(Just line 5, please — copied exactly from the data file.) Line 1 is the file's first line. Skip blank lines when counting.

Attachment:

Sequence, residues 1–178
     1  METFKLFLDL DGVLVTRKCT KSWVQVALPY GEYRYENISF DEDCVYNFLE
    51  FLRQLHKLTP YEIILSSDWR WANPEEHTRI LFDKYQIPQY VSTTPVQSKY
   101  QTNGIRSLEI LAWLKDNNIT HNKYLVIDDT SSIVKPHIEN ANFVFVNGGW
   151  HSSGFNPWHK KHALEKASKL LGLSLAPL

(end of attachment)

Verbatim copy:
   151  HSSGFNPWHK KHALEKASKL LGLSLAPL